Giant pumice island floating in Pacific
A GIANT floating island of pumice was created when a previously dormant volcano erupted amid more than 150 earthquakes over two days last month, scientists say.
The eruption of the Havre volcano, about halfway between New Zealand and Tonga, is believed to have caused the 7500sq/km pumice “raft”, which was encountered by a New Zealand navy ship early this month.
Principal scientist of the Institute of Geological and Nuclear Sciences, Cornel de Ronde, says the source of the pumice has been identified in co-operation with French researchers in Tahiti who monitor earthquakes in the south-west Pacific.
“When they looked at their physical records they saw that on July 17 and 18 there were some 157 earthquakes of magnitudes between three and 4.8,” he says.
Dr de Ronde says they occurred near the time of the first sighting of the pumice raft, and when the institute looked at its database it found the Havre volcano, which it had previously surveyed.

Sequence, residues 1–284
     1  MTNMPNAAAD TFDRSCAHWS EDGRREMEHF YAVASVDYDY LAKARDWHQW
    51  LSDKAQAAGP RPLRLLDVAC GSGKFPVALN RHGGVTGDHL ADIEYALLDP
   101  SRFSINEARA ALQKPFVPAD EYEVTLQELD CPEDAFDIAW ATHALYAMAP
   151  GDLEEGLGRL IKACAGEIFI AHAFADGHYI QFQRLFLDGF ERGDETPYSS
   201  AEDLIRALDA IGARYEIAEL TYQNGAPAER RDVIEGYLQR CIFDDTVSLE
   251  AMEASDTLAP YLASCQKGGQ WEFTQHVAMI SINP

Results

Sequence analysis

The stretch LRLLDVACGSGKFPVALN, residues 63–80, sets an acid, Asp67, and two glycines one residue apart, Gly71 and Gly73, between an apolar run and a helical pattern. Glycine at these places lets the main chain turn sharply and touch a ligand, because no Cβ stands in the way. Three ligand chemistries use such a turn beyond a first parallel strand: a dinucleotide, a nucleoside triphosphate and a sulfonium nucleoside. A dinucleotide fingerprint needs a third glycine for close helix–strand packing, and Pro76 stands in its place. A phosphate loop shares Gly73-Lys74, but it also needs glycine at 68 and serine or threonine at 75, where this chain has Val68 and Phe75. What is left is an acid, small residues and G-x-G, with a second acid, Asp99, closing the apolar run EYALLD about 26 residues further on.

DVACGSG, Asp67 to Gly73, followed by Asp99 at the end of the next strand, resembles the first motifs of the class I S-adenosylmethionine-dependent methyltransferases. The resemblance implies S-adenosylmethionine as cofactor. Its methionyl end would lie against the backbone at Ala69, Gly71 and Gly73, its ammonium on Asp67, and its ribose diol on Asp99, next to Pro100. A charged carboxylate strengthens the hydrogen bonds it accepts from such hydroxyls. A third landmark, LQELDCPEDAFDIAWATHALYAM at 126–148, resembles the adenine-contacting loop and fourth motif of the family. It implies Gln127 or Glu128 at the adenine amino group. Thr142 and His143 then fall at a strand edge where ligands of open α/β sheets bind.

It was a caldera volcano, like White Island, 50km off the west coast of New Zealand’s North Island, which erupted last week.
But the Havre, 1100m beneath the Pacific Ocean, was not thought to have erupted before.
Dr de Ronde says the pumice island was so light that it had floated several hundred kilometres from the volcano when it was encountered by the HMNZS Canterbury, which took samples last week.
Scientists were also analysing samples of rock ejected from Mount Tongariro, on New Zealand’s North Island, to try to find out why it erupted a week ago for the first time in 115 years.
A caldera is a cauldron-like volcano formed by the collapse of land after a volcanic eruption.